Chinese neostatist thinkers and the restructuring of Hong Kong
THIS EVENT IS ARCHIVED
Prof. Sebastian Veg (EHESS)
Date: 7 June 2021Time: 1:00 PM
Finishes: 7 June 2021Time: 2:30 PM
Venue: Virtual Event
Type of Event: Webinar
As pointed out by observers, the recent changes to Hong Kong’s constitutional framework, including the 2020 National Security Law and the 2021 Electoral Reform, are not simply an adjustment, but can be seen as a comprehensive “restructuring” (Jiang Shigong) that began with the 2014 White Paper on “The Practice of One Country Two Systems.” What are the ideas underpinning these changes and do they hold significance beyond Hong Kong?
Over the last decade, a group of scholars and thinkers in China have articulated a systematic critique of liberalism. They argue for the superiority of political sovereignty over the rule of law, and the need to “repoliticize” the state, often echoing the views of the legal theorist Carl Schmitt. It can be argued that Hong Kong’s system of rule of law under Chinese sovereignty represented a challenge to neostatist views. In this context, the restructuring of Hong Kong since 2014 takes on a broader significance as a central component of the new leading ideology emerging in preparation for the Centenary of the CCP in 2021 and the 20th Congress in 2022.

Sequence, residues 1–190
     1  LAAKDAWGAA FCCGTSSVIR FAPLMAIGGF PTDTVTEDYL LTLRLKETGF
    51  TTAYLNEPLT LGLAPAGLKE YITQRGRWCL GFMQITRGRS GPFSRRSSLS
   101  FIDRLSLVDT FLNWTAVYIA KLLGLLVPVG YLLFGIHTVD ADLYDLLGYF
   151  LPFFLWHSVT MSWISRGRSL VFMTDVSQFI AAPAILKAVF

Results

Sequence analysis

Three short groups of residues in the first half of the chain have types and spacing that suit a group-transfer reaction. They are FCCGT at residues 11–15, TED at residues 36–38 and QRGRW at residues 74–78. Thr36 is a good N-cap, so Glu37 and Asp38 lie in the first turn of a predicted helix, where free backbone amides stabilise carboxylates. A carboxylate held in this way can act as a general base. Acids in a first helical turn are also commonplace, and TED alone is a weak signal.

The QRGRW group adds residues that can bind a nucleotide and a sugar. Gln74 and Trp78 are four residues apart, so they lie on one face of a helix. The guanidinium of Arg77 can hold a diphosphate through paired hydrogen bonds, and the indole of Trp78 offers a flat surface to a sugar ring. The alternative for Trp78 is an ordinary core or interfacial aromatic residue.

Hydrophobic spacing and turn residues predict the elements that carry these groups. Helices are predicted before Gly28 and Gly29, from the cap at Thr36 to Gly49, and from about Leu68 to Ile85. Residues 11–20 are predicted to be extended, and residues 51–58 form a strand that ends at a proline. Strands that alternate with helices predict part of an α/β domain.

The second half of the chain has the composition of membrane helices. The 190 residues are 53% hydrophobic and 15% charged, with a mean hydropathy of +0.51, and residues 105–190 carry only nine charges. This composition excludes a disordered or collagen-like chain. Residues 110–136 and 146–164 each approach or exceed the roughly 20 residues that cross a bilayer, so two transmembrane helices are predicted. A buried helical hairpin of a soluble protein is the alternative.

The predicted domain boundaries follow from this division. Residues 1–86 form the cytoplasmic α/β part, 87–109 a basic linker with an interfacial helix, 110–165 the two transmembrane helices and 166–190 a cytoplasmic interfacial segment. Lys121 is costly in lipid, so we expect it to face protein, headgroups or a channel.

About the speaker
Sebastian Veg is a professor of intellectual history of modern and contemporary China at EHESS (School of Advanced Studies in the Social Sciences), Paris and an Honorary Professor at the University of Hong Kong, with an interest in the history of intellectuals, social movements, and the public sphere, as well as in the recent history of Hong Kong. His latest book is Minjian: The Rise of China’s Grassroots Intellectuals (Columbia UP, 2019).
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Chair: Professor Steve Tsang (Director, SOAS China Institute)
Organiser: SOAS China Institute
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